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[563] and one thousand missing. The Forty-sixth Indiana regiment lost one hundred and thirty of its three hundred men.

Four brigade commanders were killed and wounded in the battle of Sabine Cross-Roads.

The Nineteenth Kentucky repelled five distinct charges before the enemy was enabled to break through its lines.

A color-bearer in General Cameron's divison found himself surrounded by the enemy who quite peremptorily ordered him to halt. He did not halt, but rushed forward impetuously amid the shower of bullets and saved his colors.

Nim's battery, when the time was approaching that it could hold out but little longer, loaded each piece with a case of grape and canister, spherical case shell, and a sack of bullets containing about three hundred. This hurled death and destruction into the ranks of the enemy, who wavered and fell back at every discharge of these fated guns. The battery lost twenty-one officers and privates, sixty-four horses, and eighteen mules.

Captain Crosby, of General Banks's staff, had his hand injured by the jam between the trains and a hurrying cavalryman.

The capture of General Lee's headquarters train was attended with much inconvenience to the General and his staff, as well as to the correspondents who moved with him. Major Cowan's mess lost an elegant rosewood mess-chest, and other less valuable mess-chests were in the wagons. Not a solitary article of clothing was left except what the officers had on, and clean shirts and paper collars were in greater demand than the supply could furnish. Quartermaster Hoge lost all his funds and vouchers, and officers who had deposited their greenbacks in his safe for security, had the satisfaction of aiding in the contribution of six or seven thousand dollars to helping along the illy paid rebel soldiers. All the Adjutant-General's official papers fell into the hands of the enemy, who must possess pretty accurate knowledge respecting the cavalry division.

Rebel soldiers who have been taken prisoners, report that one of their number got two thousand dollars in greenbacks, and that the blankets and hard-tack were very acceptable. Mr. Bonwill, the artist of Leslie's Illustrated, lost, among his private papers, numerous sketches that had been accumulating for a long period, and which he prized very highly. The Herald correspondent lost a silver bugle, recently taken from a captured rebel bugler, which he intended to send to Mr. Bennett as a trophy. The Tribune correspondent, Mr. Wells, lost his good clothes and other “fixins.” Colonel Brisbin, of General Lee's staff, lost some five hundred dollars' worth of clothing and money, together with the sash worn by the rebel General Barksdale, which was captured at Gettysburgh, and a valuable sword also captured near Gettysburgh.

It is ascertained that our dead who were left on the field between Pleasant Hill and Sabine Cross-Roads, were buried by the enemy, and that the wounded were conveyed to Mansfield the night after the battle, where they were carefully attended.

Colonel Emerson commanding a brigade of Landrum's division, was wounded.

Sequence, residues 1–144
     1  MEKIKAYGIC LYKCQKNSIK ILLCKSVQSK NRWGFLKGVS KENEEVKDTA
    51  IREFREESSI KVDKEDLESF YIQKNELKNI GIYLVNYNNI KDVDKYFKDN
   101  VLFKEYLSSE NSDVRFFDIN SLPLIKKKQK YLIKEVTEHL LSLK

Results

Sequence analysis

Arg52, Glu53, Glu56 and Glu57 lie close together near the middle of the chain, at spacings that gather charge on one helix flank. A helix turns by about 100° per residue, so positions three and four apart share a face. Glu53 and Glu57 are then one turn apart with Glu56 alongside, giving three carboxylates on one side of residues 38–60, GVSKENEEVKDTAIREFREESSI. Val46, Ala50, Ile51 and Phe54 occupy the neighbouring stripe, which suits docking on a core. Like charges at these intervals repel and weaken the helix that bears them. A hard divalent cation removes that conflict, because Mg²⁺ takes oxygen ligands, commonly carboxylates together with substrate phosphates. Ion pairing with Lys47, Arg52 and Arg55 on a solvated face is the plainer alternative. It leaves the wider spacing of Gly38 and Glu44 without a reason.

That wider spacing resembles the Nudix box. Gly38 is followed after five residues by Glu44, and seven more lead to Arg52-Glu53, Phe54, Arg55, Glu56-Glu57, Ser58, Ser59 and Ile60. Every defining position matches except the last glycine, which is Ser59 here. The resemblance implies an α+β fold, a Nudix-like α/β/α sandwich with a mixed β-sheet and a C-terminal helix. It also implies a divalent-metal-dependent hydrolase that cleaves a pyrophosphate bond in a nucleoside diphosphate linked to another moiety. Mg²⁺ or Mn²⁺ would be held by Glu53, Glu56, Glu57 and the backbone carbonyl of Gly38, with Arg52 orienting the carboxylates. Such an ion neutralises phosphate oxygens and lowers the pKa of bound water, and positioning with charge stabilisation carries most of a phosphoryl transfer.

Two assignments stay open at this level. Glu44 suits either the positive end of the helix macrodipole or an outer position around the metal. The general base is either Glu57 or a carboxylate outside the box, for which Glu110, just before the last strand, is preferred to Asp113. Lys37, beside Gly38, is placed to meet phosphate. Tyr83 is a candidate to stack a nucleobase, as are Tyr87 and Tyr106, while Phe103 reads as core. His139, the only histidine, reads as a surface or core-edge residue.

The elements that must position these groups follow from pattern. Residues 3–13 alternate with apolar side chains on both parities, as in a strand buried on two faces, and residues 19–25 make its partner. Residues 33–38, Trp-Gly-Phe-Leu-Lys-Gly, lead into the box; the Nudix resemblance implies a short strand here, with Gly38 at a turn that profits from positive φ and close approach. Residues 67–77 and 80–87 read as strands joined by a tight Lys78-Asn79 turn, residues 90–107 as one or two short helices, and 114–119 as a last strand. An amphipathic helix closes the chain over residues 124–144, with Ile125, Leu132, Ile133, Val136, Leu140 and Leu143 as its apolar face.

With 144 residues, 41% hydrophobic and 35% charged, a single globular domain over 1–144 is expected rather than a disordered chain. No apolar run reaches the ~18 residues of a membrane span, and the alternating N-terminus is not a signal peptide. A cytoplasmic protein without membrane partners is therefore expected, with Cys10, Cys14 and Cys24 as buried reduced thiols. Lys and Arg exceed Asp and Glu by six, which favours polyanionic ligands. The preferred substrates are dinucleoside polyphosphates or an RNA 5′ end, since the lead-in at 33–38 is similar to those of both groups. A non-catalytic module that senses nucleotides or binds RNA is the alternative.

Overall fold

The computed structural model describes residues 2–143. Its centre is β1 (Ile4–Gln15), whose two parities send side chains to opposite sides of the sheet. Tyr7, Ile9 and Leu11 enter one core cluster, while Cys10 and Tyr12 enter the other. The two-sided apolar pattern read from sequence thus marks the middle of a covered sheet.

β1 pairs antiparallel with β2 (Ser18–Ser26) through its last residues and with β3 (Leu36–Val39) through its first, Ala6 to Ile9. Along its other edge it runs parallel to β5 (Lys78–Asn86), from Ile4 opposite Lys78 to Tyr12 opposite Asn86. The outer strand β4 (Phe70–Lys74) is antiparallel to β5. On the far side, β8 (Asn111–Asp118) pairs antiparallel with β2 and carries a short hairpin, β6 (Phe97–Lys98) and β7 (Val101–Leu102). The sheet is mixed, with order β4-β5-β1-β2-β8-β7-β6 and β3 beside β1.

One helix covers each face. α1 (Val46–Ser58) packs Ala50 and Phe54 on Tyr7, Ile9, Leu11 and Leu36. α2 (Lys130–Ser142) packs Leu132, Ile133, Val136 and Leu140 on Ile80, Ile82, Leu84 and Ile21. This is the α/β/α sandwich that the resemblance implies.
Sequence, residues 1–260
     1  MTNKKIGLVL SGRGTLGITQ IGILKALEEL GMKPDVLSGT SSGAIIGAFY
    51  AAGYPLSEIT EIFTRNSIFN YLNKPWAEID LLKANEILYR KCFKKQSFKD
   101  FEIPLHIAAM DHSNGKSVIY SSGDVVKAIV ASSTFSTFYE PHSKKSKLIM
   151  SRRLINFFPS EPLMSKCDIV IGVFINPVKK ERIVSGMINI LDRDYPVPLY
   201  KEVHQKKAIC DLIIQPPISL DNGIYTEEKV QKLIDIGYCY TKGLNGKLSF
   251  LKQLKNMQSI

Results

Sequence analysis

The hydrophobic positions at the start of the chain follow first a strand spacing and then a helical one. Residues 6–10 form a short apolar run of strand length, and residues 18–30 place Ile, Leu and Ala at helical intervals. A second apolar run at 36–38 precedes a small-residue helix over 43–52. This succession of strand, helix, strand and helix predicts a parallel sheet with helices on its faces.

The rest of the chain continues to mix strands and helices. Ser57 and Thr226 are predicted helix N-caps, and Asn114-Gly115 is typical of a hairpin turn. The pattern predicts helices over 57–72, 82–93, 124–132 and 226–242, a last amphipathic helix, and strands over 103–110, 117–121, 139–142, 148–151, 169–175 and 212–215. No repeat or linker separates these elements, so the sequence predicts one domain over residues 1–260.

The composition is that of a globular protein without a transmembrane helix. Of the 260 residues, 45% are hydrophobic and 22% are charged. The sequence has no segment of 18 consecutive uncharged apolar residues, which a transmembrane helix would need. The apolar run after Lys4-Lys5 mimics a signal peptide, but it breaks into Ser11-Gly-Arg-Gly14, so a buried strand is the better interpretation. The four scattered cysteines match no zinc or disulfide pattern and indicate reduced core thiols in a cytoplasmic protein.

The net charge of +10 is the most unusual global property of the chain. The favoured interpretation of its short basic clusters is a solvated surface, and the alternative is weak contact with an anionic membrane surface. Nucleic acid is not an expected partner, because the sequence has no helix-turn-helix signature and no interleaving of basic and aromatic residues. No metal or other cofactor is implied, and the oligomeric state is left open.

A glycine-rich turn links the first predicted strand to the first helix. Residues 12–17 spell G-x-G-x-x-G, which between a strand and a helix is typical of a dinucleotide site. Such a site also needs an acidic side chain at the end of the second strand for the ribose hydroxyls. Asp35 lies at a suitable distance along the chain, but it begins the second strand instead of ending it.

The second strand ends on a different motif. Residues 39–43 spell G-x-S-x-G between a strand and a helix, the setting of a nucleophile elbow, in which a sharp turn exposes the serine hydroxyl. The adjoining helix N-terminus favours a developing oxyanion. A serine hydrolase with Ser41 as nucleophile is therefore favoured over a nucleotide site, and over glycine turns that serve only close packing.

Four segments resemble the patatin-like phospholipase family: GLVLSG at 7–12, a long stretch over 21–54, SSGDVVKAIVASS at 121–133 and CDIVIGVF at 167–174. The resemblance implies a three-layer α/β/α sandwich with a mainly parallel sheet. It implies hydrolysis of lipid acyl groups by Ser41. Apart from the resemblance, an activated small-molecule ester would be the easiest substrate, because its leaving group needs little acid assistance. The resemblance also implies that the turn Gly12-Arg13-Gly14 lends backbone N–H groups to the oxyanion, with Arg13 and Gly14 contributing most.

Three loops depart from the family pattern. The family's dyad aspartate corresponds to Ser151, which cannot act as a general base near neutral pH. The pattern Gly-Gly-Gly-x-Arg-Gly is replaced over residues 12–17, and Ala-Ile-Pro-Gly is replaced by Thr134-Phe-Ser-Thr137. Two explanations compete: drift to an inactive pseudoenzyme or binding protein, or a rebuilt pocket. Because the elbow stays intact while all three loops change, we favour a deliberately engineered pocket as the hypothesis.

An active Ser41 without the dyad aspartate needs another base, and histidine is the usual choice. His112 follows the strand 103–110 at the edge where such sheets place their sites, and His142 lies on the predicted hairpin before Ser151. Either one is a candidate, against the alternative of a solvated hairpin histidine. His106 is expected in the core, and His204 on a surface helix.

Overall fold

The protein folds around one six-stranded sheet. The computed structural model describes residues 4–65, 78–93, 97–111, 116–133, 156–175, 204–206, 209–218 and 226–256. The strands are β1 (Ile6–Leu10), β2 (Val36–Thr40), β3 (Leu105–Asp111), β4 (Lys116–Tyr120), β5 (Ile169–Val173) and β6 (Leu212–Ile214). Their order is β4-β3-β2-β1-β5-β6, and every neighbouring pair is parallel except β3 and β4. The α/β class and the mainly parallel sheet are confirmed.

Lieutenant-Colonel Kreb, Eighty-seventh Illinois mounted infantry, when the confusion in our retiring lines was the greatest, reported to General Lee for duty with three men, whom he had rallied.

Rufus Pullitt, color-bearer of the Sixteenth Indiana mounted infantry, was killed.

Lieutenant Stone, Commissary of the First cavalry brigade, is missing and supposed to be a prisoner.

All the cavalry headquarters train was captured or destroyed by the rebels except two ambulances, and all the wagons of Colonel Dudley's Fourth brigade-train except one.

George G. Kendrick, color-bearer One Hundred and Seventy-third New-York, was wounded under his colors.

General Lee was hit with a spent ball, from which he suffered no inconvenience.

Four ammunition-wagons belonging to the cavalry command were captured. The train would all have been saved had not a heavily-loaded wagon broken down and obstructed the road.

Lieutenant Higby of the Signal corps, Acting-Aid-de-Camp to General Ransom, had his horse shot under him.

Captain Dicker, General Ransom's Assistant-Adjutant-General, was killed.

Captain Wasson, Inspector-General of Lucas's cavalry brigade, had his stirrup and boot struck by the same ball that killed Lieutenant-Colonel Webber, of the Seventy-seventh Illinois.

Lieutenant Miller, Aid to Colonel Lucas, was wounded in the arm, and taken prisoner, Captain Payman, Chief Signal Officer of General Franklin's command, was severely wounded while riding by the side of the General.

Captain A. M. Chapman, Judge-Advocate on General Franklin's staff, had both feet shot off.

Lieutenant David Lyon, of General Franklin's staff, was wounded slightly.

Dr. Wood, of the Sixth Missouri cavalry, lost one thousand dollars in money, and Captain Wasson, Inspector-General in Lucas's cavalry brigade, lost two hundred dollars by the capture of the trains.

A squadron of the Corning light cavalry, under Captain Davis, had a warm position on the right, and lost heavily there. The men displayed most creditable bravery and pluck.

Our defeat on the eighth instant is attributable to the cavalry division proceeding too far in advance of the main column; the panic and loss of guns, to the large cavalry-train, which completely blocked the only road by which the army could fall back.

The troops engaged, were the First, Third, and Fourth cavalry divisions, supported by Ransom's detachment of the Thirteenth army corps.

Estimated loss, one thousand five hundred killed, wounded, missing, and prisoners.


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